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Adelphi Films

Production Company

Main image of Adelphi Films

In the postwar years the British film industry was dominated by the Rank Organisation and a handful of other major producers such as the Associated British Picture Corporation, who between them controlled the majority of British cinemas. Beneath them, however, were numerous smaller companies, such as Anglo-Amalgamated, churning out supporting features and short subjects and battling to fill the gaps in the programme. One of the smallest of all was Adelphi Films, a tiny, family-run film business, operating out of a cramped office in Wardour Street. Yet from this humble base, Adelphi produced and distributed more than 30 feature films and shorts in the 1940s and 1950s, boasting an impressive array of popular British performers. Modestly produced, Adelphi's output was nonetheless diverse and ambitious. Some of their films - despite their small-scale origins - were just as good as anything the big studios had to offer.

Founded in 1939, Adelphi was acquired in 1949 by Arthur Dent and his two sons, Stanley and David, to become an independent, family-owned film company. Arthur was already an industry veteran: in the silent era he had been a salesman for Famous Players-Lasky and, later, assistant to producer John Maxwell. By 1937, Maxwell was managing director of Associated British, while Dent, his right hand man, was also on the board. In 1940, Dent left to become UK representative of Hollywood mogul Samuel Goldwyn. After the war, he struck out alone and bought Adelphi.

Arthur had tested his mettle as a producer with Comin' Thro the Rye (1947), released under the Advance Films banner (Advance was later subsumed into Adelphi). A short supporting feature, shot on a shoestring, it told the story, in song, of poet Robbie Burns. Adelphi's subsequent output - modestly budgeted, sometimes with partial funding from the National Film Finance Corporation - ranged from crime to melodrama; however, Arthur, who had trodden the boards himself, leant towards comedy, music and variety. Bless 'Em All (1948), now lost except for a trailer, combined these elements. A parade-ground comedy designed to appeal to those who had recently served in the forces, the film starred now-forgotten variety comic Hal Monty, and provided an early showcase for the musical talents of Max Bygraves.

The Dents had an eye for talent, and were always keen to give young performers a break - and upcoming artistes were less able to demand high fees. Adelphi shrewdly secured the services of Peter Sellers, Spike Milligan and Harry Secombe for Penny Points to Paradise (1951), a breezy comedy about a pools winner on holiday in Brighton. On the cusp of fame with The Goon Show, the trio were, soon afterwards, out of the Dents' price range. Similarly, blonde bombshell Diana Dors appeared in four films for the company before she too rose out of reach.

Many Adelphi films were booked at cinemas as supporting features, or as half of a double bill, as part of the 'quota' (exhibitors' legal obligation to screen a certain percentage of British-made films each year); but Dent was keen to establish a reputation for quality drama. To this end he splashed out on The Crowded Day (1954). Impressively directed by a young John Guillermin, this engaging ensemble piece starred John Gregson and Joan Rice, two of Rank's top stars, subcontracted at considerable expense. An intelligent, bittersweet drama of shop floor intrigue, the film was definitely on a par with top-end British studio product of the time. However, Arthur - a staunch advocate of the 'little man' - had ruffled the feathers of the powerful exhibitors who controlled British cinemas. Despite its quality, the big chains refused to book the film as a first feature.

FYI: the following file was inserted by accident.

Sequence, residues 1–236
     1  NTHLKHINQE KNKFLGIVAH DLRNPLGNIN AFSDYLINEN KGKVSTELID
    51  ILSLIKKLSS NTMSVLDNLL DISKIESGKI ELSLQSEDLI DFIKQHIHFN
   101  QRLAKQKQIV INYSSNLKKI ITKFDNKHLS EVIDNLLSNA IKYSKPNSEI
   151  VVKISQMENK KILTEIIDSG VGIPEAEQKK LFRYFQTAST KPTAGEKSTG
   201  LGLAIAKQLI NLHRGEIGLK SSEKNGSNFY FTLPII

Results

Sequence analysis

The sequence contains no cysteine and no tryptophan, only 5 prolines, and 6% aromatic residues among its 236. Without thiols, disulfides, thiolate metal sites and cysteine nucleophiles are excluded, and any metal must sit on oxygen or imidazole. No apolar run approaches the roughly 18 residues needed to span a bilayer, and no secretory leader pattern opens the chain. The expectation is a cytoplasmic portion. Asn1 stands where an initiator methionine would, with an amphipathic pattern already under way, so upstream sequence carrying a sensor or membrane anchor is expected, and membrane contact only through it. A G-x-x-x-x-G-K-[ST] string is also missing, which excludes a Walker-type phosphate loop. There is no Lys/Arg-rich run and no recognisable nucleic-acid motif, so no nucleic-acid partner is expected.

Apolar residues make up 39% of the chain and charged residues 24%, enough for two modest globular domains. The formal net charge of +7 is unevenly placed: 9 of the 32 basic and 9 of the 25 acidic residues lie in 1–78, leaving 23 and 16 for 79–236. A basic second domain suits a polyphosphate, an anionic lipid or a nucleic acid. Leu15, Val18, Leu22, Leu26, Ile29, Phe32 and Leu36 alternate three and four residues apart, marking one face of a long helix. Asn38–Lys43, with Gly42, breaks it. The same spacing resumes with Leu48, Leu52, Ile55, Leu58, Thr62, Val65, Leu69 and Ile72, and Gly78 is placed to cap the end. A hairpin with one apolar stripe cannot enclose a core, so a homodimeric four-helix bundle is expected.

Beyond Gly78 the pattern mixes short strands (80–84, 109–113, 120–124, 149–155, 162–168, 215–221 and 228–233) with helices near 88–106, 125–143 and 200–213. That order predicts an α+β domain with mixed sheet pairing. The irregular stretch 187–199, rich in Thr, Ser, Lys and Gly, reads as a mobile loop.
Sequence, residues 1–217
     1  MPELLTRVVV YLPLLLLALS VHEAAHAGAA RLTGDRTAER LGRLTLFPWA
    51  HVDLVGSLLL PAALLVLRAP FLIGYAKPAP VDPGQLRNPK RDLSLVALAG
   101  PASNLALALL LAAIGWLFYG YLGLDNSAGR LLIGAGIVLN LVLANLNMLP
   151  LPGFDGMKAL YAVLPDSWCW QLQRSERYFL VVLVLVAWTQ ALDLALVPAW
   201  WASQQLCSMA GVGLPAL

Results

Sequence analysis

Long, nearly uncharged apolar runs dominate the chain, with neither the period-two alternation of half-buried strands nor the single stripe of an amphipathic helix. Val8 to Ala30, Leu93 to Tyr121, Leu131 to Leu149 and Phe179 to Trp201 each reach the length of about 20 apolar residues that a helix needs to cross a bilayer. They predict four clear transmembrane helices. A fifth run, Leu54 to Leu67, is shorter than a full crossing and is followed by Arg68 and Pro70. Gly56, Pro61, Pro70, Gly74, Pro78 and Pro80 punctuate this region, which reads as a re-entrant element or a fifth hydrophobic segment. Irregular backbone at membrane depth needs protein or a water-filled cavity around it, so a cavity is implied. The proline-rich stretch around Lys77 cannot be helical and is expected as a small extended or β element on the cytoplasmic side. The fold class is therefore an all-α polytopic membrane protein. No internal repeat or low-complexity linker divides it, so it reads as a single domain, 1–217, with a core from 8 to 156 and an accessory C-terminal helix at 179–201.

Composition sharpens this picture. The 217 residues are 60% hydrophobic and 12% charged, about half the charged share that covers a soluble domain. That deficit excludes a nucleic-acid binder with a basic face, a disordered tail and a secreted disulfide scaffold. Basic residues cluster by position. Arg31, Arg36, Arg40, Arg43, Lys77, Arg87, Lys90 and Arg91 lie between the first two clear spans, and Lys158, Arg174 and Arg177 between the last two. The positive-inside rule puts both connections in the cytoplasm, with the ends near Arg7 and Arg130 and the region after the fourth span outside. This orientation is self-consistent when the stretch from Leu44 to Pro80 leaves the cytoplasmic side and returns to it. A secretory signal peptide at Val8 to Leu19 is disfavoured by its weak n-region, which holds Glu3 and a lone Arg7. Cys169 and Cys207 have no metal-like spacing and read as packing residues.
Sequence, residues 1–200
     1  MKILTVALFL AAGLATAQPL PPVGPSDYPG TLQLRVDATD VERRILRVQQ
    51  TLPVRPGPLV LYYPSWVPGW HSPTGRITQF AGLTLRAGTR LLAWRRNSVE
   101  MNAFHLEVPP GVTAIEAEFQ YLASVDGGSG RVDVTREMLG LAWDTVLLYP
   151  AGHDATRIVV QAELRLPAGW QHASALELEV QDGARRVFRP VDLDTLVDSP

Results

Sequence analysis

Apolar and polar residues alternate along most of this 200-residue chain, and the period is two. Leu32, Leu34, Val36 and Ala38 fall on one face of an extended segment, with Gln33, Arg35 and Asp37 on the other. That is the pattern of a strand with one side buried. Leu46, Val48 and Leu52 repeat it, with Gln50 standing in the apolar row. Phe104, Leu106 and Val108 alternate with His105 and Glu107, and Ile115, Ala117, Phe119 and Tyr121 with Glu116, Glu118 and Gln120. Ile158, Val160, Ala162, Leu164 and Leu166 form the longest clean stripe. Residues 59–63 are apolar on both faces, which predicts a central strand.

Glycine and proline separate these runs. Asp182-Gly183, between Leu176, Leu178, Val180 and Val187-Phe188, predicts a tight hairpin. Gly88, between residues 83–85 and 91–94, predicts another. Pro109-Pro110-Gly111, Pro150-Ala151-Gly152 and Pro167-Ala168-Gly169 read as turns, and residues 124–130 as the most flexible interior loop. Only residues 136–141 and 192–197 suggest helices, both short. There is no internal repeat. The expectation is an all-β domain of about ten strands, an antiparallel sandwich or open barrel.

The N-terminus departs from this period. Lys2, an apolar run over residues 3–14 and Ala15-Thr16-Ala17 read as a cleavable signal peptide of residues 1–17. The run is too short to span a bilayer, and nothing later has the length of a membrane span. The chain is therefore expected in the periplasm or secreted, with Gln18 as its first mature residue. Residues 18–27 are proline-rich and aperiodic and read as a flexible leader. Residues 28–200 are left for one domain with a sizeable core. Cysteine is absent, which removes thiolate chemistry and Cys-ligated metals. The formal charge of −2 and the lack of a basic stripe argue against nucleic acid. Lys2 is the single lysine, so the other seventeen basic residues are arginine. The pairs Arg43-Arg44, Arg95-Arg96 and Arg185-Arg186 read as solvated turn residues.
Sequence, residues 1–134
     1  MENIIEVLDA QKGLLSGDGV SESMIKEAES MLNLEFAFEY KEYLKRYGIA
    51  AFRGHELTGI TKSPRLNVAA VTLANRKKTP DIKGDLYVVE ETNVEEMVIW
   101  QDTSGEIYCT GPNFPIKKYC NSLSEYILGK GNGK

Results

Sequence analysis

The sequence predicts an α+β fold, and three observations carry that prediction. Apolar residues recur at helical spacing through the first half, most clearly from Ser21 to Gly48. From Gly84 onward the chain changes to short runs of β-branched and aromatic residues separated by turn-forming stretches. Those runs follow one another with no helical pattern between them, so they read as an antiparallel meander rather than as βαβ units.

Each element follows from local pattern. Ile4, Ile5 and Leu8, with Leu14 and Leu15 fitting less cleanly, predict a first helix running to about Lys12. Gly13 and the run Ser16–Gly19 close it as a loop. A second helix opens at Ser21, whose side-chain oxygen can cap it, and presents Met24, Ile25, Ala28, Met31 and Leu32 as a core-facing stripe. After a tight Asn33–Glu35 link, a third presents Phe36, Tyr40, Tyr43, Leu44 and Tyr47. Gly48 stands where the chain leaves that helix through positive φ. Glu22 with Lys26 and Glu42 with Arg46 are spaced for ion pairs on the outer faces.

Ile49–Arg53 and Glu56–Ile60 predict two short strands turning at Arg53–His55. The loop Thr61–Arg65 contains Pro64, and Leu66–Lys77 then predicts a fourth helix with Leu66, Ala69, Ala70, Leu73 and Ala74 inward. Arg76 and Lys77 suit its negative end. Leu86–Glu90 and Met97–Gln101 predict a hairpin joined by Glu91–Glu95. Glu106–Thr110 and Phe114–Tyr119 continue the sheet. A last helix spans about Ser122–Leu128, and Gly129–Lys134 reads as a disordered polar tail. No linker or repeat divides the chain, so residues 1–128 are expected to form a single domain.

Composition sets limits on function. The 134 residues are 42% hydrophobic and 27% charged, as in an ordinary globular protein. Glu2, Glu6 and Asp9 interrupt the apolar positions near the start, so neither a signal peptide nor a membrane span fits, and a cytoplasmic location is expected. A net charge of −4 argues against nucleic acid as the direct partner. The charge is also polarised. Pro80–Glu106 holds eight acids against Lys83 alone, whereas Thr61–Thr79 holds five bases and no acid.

Arthur was disheartened and in declining health, but his ambition remained undimmed. In 1956 he unveiled the first Adelphi release in colour, Stars in Your Eyes, another musical comedy, but his death that same year curtailed further projects. The company continued, however, and remains in family hands to this day. Viewed in retrospect and with the company records still intact, Adelphi's output constitutes a fascinating case-study in independent British filmmaking outside the confines of the postwar studio system.

Vic Pratt

Selected credits

Thumbnail image of Crowded Day, The (1954)Crowded Day, The (1954)

The lives and loves of department store workers during Christmas week

Thumbnail image of Fun at St. Fanny's (1956)Fun at St. Fanny's (1956)

Slapstick comedy in a boys' school, with one surprisingly grown-up pupil

Thumbnail image of Is Your Honeymoon Really Necessary (1953)Is Your Honeymoon Really Necessary (1953)

Diana Dors stars in this frothy farce about a marital mix-up

Thumbnail image of Let's Go Crazy (1951)Let's Go Crazy (1951)

Nightclub-set revue vehicle for Peter Sellers and Spike Milligan

Thumbnail image of My Wife's Lodger (1952)My Wife's Lodger (1952)

Comedy about a returning soldier usurped by his wife's new lodger

Thumbnail image of Penny Points to Paradise (1951)Penny Points to Paradise (1951)

Pre-Goons comedy with Peter Sellers, Spike Milligan and Harry Secombe

Thumbnail image of Slappiest Days of Our Lives, The (1953)Slappiest Days of Our Lives, The (1953)

Peter Sellers voices an array of vintage silent comedy clips

Thumbnail image of Song of Paris (1952)Song of Paris (1952)

Comedy about a French cabaret star falling for a passing Englishman

Thumbnail image of You Lucky People! (1955)You Lucky People! (1955)

Successful Army comedy that did wonders for its star Tommy Trinder

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